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Definition: lung from Collins English Dictionary


1 either one of a pair of spongy saclike respiratory organs within the thorax of higher vertebrates, which oxygenate the blood and remove its carbon dioxide

2 any similar or analogous organ in other vertebrates or in invertebrates

3 at the top of one's lungs in one's loudest voice; yelling. Related adjectives: pneumonic, pulmonary, pulmonic

[Old English lungen; related to Old High German lungun lung. Compare lights2]

Summary Article: lung
From The Hutchinson Unabridged Encyclopedia with Atlas and Weather Guide

In mammals, large cavity of the body, used for gas exchange. Most tetrapod (four-limbed) vertebrates have a pair of lungs occupying the thorax. The lungs are essentially an infolding of the body surface – a sheet of thin, moist membrane made of a single layer of cells, which is folded so as to occupy less space while having a large surface area for the uptake of oxygen and loss of carbon dioxide. The folding creates tiny sacs called alveoli. Outside the walls of the alveoli there are lots of blood capillaries for transporting the products of gas exchange. The lung tissue, consisting of multitudes of air sacs and blood vessels, is very light and spongy, and functions by bringing inhaled air into close contact with the blood for efficient gas exchange. The efficiency of lungs is enhanced by breathing movements, by the thinness and moistness of their surfaces, and by a constant supply of circulating blood.

The lungs inflate and deflate as a result of breathing movements (ventilation). Breathing movements are caused by movements of muscles between the ribs and the muscles of the diaphragm. Air flows into the mouth and then along ever narrower tubes, trachea, bronchi, and tiny broncheoles. However, the last part of the journey to the alveoli is by diffusion only, as is the exchange with the blood.

Dust in the air is usually trapped by the mucus lining the tubes leading to the lungs. Cells lining the tubes are specialized cells (see epithelium) and have hair-like structures – cilia – that sweep the trapped dust up to the mouth where it is swallowed. Some dust may reach the lungs where white blood cells may destroy it. However, the lungs can be damaged if dust is not removed. Many miners suffer from lungs damaged by the effects of coal dust, and many other forms of industrial dusts are equally dangerous.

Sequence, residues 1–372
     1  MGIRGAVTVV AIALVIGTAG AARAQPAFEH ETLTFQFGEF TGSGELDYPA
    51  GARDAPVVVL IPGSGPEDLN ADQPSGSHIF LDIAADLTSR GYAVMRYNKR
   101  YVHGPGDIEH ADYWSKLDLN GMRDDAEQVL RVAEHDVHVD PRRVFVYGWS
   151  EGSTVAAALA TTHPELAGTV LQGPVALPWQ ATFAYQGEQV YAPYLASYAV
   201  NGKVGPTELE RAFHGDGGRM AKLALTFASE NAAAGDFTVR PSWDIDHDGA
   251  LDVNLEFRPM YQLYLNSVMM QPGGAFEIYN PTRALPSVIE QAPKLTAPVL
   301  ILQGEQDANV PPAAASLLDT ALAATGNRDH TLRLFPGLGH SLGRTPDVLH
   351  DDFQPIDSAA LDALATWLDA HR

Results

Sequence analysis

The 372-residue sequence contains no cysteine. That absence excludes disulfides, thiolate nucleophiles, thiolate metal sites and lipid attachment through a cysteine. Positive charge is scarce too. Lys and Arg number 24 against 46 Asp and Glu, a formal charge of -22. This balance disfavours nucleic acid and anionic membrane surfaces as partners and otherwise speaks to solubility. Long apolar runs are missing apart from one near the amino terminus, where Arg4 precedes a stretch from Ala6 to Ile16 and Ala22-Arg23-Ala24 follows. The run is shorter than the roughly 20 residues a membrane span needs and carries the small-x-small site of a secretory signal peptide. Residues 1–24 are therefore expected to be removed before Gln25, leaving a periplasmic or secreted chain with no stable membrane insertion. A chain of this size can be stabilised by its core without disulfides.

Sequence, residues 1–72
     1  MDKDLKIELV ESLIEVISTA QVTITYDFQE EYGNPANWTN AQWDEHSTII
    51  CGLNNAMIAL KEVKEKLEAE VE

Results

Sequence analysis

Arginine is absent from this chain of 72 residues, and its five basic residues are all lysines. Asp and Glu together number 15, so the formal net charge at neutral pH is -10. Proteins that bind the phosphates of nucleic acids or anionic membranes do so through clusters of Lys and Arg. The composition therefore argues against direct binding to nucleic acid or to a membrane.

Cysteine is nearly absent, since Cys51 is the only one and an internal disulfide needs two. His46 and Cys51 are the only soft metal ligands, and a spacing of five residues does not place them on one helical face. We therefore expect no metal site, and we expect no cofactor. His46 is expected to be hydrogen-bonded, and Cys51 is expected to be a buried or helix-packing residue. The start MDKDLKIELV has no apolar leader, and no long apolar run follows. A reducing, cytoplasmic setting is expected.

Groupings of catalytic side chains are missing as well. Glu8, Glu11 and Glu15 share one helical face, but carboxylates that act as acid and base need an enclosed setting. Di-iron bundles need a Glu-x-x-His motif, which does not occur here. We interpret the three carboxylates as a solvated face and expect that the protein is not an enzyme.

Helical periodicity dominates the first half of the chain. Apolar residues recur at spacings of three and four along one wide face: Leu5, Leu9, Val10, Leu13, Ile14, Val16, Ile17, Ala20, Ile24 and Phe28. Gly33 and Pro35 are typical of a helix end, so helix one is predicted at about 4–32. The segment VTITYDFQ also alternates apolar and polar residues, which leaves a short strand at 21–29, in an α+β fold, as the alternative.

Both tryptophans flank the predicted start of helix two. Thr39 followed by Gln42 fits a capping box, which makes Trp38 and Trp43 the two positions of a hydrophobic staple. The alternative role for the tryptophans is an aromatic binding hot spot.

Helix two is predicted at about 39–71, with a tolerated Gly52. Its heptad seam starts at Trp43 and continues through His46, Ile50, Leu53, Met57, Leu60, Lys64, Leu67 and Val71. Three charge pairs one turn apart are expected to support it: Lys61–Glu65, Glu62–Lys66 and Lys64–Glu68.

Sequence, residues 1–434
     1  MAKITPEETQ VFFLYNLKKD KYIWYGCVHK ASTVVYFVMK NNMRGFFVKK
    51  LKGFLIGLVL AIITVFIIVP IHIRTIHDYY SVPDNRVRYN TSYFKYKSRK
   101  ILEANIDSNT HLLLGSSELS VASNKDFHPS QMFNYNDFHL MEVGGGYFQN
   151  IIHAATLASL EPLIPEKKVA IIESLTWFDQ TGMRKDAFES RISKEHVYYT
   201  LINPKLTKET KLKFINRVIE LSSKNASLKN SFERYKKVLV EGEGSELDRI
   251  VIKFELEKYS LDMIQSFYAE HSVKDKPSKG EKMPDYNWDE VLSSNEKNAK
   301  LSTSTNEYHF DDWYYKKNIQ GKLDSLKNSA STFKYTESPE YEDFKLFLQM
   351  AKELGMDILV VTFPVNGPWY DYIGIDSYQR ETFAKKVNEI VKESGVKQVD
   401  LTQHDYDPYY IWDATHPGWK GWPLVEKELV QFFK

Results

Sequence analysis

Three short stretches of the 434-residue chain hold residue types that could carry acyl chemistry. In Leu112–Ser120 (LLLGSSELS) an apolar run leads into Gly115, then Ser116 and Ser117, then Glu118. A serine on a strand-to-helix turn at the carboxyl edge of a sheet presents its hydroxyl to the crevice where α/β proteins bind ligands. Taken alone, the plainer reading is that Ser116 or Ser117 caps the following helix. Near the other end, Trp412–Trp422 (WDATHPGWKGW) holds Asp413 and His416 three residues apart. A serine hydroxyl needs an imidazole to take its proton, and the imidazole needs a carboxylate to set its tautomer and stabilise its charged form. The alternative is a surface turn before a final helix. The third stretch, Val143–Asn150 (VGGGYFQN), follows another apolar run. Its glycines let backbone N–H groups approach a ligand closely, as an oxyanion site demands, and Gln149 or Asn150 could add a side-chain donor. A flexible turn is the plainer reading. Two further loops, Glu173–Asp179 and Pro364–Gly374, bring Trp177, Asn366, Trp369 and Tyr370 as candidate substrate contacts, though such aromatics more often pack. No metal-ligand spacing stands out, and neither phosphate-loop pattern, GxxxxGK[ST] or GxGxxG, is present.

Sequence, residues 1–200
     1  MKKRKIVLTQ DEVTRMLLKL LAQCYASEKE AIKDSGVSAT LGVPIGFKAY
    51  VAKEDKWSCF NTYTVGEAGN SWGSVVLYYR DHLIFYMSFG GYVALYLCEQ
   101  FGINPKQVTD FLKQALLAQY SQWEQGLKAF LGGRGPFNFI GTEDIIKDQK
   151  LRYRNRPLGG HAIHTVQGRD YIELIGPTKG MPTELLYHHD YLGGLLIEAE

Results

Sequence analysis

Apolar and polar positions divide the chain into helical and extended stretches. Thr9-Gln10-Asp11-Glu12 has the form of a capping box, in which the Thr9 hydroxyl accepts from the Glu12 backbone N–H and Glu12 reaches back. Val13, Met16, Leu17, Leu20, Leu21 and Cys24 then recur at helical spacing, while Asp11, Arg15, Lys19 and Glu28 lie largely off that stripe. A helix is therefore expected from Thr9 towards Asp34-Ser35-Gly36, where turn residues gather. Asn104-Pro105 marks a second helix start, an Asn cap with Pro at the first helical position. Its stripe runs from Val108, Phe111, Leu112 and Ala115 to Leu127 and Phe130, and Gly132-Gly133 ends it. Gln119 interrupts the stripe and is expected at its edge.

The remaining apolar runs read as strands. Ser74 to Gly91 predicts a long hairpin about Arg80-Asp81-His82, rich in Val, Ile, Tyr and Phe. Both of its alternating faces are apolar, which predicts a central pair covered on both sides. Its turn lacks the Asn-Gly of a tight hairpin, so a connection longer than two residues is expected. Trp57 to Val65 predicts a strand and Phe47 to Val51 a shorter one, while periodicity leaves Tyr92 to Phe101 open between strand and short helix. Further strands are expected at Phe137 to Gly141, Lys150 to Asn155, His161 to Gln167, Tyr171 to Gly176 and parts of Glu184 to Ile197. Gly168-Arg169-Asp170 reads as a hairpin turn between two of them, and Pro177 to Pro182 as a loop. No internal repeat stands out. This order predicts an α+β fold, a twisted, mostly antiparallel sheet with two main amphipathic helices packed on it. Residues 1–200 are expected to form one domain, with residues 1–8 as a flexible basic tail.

In humans, the principal diseases of the lungs are tuberculosis, pneumonia, bronchitis, emphysema, and cancer. Bronchitis is an irritation of the airways resulting in them becoming narrower than normal so that a person cannot breathe fully. Emphysema is permanent damage to the alveolar walls resulting in too little surface for gas exchange. This too results in difficulties in breathing. The commonest cause of both bronchitis and emphysema is smoking.

Trachea and air movement The lung may be regarded as a many-chambered elastic bag placed in the air-tight thorax and having communication with the exterior only by means of the trachea (windpipe). Atmospheric pressure acting down the trachea keeps the lung so far stretched that the two pleural layers are always in apposition, and together with the heart and great blood vessels they completely fill the thorax. The air passes into and through the bronchi, which somewhat resemble the trachea in structure; the air current then continues through the various subdivisions of bronchi, bronchioles, and bronchial tubes, which, diverging in all directions, never anastomose (join), but terminate separately.

Alveoli After a certain stage of subdivision, when the diameter is about 1 mm, the walls of the bronchial tubes develop into blind, cup-shaped pouches termed alveoli, the walls of which consist of a thin membrane of areolar and elastic tissue lined by thin, transparent, flattened cells. The cells are about 3.6 mm in diameter, and are said to number upwards of 700,000,000 and to present a very large surface area to the air. It is from the air in these cells that the blood obtains a fresh supply of oxygen and gives up its carbon dioxide, for between adjacent alveoli there is a layer of thin-walled capillaries, the vessels twisting first to one side and then to the other of the septa between the alveoli. The alveoli are kept moist by a liquid that acts like a detergent, stopping the alveoli collapsing and sticking together. Babies born prematurely may not make the detergent and this results in these babies having difficulty inflating their lungs. They may have to be put on a ventilator as a consequence.


Damaged Lungs

Breathing in and out

Function of parts of respiratory system

Structure of lungs and gas exchange






breathing and gas exchange

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